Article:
|Title:||Buckskin, Calico, & Lace : Oklahoma Territorial Women|
Oh Nellie, Hurry up the pancakes
Wife, do not be so slow
And we will go to Oklahoma
Where the milk and honey flow.
Who really won the West? Why everyone knows — it was actually the women who won the West.
Yes, the men came West with their guns, their strength, and their desire to conquer the wild untamed land. But without the women this would still be a lawless, ugly country. Without women would there have been curtains hung in the soddies? Would there be schools, churches, and opera houses? I daresay, we would not have the cities we have now, if it were not for the women who came West.
As Yancey Cravat, the hero in Cimarron, Edna Ferber’s classic novel about Oklahoma, asserted, "If it has ever been told straight, you’ll know it is the sunbonnet and not the sombrero that has settled this country."
Prologue, page vii
Mary Alice Hearrell Murray, page 1: Indian Princess who married the President of the Constitutional Convention.
Edna Helm Ahrens, page 9: She agreed to watch a stranger’s children while he made the run, then marry him, and share the claim.
Anna Catherine Bennett, page 11: She played Miss Indian Territory in the mock wedding of Oklahoma Territory and Indian Territory.
"Big Anne" Wynn, page 27: Famous madam who ran Oklahoma City politics for over twenty years.
Rachel Anna Haines, page 37: A "Boomer" who worked for the opening of Oklahoma Territory, only to lose her claim for land.
Nanitta "Kentucky" Daisey, page 43: She rode the cow catcher and jumped from a moving train to stake her claim with her petticoat.
Bethsheba, page 49: The all women town in Oklahoma where steers, roosters, or males of any species were not allowed
Anna Murphy Overholser, page 55: She brought "society" to the Territory
Carry Nation, page 69: Hatchet weilding abolitionist
Cattle Annie and Little Britches, page 79: Famous outlaw girls who rode in Doolin’s gang
Sisters of Mercy, page 87: Catholic order that came to Indian Territory and later built St. Mary’s Academy.
Elva Shartel Ferguson, page 101: Newspaper publisher, wife of Territorial Governor and model for Edna Ferber’s "Cimarron"
Mary Brown, page 117: A black woman in Territorial Oklahoma
Mary Rogers, page 125: Mother of Will Rogers (America’s most loved humorist.)
Kate Barnard, page 139: Oklahoma’s first Commissioner of Charities Called "Good Angel Kate"
Lucille Mulhall, page 148: America’s Favorite Cowgirl
Belle Starr, page 165: Queen of the Outlaws
Mina Patterson and Ada Baskins, page 179: They found a lasting friendship in a new land
Oklahoma’s Pioneer Woman Statue, page 185: Statue in Ponca City dedicated to the pioneer woman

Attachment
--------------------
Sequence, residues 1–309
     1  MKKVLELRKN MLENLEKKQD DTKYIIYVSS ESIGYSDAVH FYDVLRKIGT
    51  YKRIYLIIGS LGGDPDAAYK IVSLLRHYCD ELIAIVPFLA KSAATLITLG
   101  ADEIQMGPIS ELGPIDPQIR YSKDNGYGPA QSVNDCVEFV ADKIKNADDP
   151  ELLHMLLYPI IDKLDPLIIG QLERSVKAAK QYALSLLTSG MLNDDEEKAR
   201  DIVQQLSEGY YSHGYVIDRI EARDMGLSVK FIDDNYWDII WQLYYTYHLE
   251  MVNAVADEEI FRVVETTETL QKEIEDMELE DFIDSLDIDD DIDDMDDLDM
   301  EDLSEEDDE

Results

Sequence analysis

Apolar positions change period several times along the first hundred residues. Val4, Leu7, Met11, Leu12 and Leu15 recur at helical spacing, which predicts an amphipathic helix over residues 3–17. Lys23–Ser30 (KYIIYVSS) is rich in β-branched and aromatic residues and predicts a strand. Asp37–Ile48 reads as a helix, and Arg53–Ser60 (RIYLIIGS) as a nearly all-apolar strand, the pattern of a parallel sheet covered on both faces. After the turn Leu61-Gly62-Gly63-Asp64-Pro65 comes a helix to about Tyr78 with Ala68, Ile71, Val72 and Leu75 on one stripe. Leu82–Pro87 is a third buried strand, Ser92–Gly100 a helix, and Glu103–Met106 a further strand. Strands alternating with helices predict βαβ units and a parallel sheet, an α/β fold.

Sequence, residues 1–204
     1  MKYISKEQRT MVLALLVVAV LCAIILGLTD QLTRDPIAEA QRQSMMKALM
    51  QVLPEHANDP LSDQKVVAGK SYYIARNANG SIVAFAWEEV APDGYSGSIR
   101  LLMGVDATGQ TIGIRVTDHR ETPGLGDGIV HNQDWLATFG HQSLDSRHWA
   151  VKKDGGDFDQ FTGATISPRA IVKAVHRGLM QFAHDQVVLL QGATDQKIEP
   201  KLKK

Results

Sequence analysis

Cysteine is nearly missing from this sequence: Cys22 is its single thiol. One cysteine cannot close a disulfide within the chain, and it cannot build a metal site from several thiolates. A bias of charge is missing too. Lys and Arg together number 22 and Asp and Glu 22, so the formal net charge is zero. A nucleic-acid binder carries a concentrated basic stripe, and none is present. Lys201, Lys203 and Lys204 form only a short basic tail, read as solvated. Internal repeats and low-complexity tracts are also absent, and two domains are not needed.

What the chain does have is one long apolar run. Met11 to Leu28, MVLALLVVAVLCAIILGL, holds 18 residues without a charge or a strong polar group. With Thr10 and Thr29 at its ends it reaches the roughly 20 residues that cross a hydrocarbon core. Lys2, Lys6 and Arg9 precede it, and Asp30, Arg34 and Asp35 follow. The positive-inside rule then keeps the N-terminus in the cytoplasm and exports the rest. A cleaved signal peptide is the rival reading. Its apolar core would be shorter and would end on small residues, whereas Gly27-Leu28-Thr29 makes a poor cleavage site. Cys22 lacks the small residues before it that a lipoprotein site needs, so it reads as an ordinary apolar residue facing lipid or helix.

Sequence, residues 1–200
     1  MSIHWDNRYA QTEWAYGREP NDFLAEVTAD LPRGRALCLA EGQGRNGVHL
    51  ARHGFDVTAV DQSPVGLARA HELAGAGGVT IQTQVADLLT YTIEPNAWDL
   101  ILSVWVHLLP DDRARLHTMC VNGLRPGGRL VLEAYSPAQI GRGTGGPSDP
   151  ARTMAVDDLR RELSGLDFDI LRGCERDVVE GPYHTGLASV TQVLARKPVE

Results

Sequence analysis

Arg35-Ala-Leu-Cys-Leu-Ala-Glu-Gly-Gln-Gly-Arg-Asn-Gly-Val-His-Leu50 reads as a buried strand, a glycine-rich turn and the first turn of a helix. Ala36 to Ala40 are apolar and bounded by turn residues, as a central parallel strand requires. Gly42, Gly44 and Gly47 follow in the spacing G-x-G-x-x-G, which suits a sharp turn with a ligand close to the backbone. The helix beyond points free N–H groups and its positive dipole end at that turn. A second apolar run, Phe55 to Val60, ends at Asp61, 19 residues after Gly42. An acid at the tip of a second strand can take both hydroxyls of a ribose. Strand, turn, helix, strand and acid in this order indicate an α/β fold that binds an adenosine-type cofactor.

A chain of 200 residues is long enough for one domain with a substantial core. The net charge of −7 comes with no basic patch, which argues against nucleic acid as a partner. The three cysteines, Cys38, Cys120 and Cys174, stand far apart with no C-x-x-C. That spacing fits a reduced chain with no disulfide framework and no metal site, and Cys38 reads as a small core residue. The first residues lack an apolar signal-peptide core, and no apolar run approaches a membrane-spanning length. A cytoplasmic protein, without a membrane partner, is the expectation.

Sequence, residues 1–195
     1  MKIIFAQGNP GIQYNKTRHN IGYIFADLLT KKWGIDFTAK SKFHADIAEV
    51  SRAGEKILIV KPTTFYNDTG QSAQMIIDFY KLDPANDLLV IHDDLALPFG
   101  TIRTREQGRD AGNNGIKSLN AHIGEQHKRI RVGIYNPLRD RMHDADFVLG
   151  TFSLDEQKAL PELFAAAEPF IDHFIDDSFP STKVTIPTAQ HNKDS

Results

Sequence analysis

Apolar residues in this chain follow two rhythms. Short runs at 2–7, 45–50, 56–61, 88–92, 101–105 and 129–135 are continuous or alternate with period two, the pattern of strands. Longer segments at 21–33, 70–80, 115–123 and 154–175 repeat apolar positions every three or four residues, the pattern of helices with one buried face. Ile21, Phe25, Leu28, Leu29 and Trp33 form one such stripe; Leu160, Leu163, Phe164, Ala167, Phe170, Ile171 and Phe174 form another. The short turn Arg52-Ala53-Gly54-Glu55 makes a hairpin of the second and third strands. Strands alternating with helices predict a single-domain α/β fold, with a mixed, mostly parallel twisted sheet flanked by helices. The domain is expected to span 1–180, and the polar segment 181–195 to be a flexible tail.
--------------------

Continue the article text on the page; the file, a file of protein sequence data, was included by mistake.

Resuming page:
Aunt Minerva Willis, page 189: Swing Low Sweet Chariot
Ann Orr Worcester, page 193: Missionary to the Cherokees
Bibliography, page 205
|Reviews:||In political and government circles, we are always talking about the "first" that someone achieved. I know that I was always noting that "she is the first woman who...," "he is the first man who...," or "they are the first minorities who....," Through Buckskin, Calico, and Lacewe are reminded (and educated) of the fact that Oklahoma women were always making their mark and contributions as pioneer regardless of the year. They were always the first "who." Thanks to Glenda Carlile for reminding us that the present is merely a product of what we were yesterday and that pioneer women played a major if not dominant role in that process.
George Nigh, Governor of Oklahoma ’79-’87
Glenda Carlile has captured the vibrant spirit of Oklahoma women from the famous to the infamous in this intriguing collection of territorial tales. While stories of these women have been scattered throughout the pages of Oklahoma’s written history, they have never appeared together between the pages of one book. Mrs. Carlile has done a great service by collecting their stories and allowing us to join her in an exciting buggy ride into Oklahoma’s past.
Molly Levite Griffis, Publisher, Levite of Apache
|About the Author:||
Glenda Carlile is well-known for her programs on Oklahoma’s Territorial Women. Dressed in period costume she changes hats as she tells of the various women who came to Oklahoma during Territorial Days. Her audiences have asked her to put these interesting stories in book form; thus Buckskin, Calico, and Lace. Now in print are those vivid accounts of the spirited pioneer woman that Oklahoma audiences have enjoyed.
A former newspaper correspondent for the Daily Oklahoman and the Midwest City Sun and the operator of a local tour company, Mrs. Carlile became fascinated with the many women who played prominent roles in Oklahoma history and how little is known about them.
Although not a native, Mrs. Carlile considers herself an "Okie" by interest and love. Born in Pennsylvania and raised in Florida, she knew little about Oklahoma before moving to the state in 1962. She attributes her love of Oklahoma history to her husband, Tom, a native Oklahoman.
The wife of an osteopathic physician and mother of three daughters, Glenda is also known for her community and professional service including serving as the 1989-90 National President of the Auxiliary to The American Osteopathic Association. Her numerous awards include the Auxiliary to The Oklahoma Osteopathic Association’s 1988 Woman of the Year, the 1990 Distinguished Service Award from the Oklahoma State University College of Osteopathic Medicine and a joint resolution of commendation from the Oklahoma House of Representative and the Oklahoma Senate in 1989.
|Details:||2008 [ISBN: 1-58107-135-1; 200 pages; 5 ½ x 8 ½ inch; soft cover]|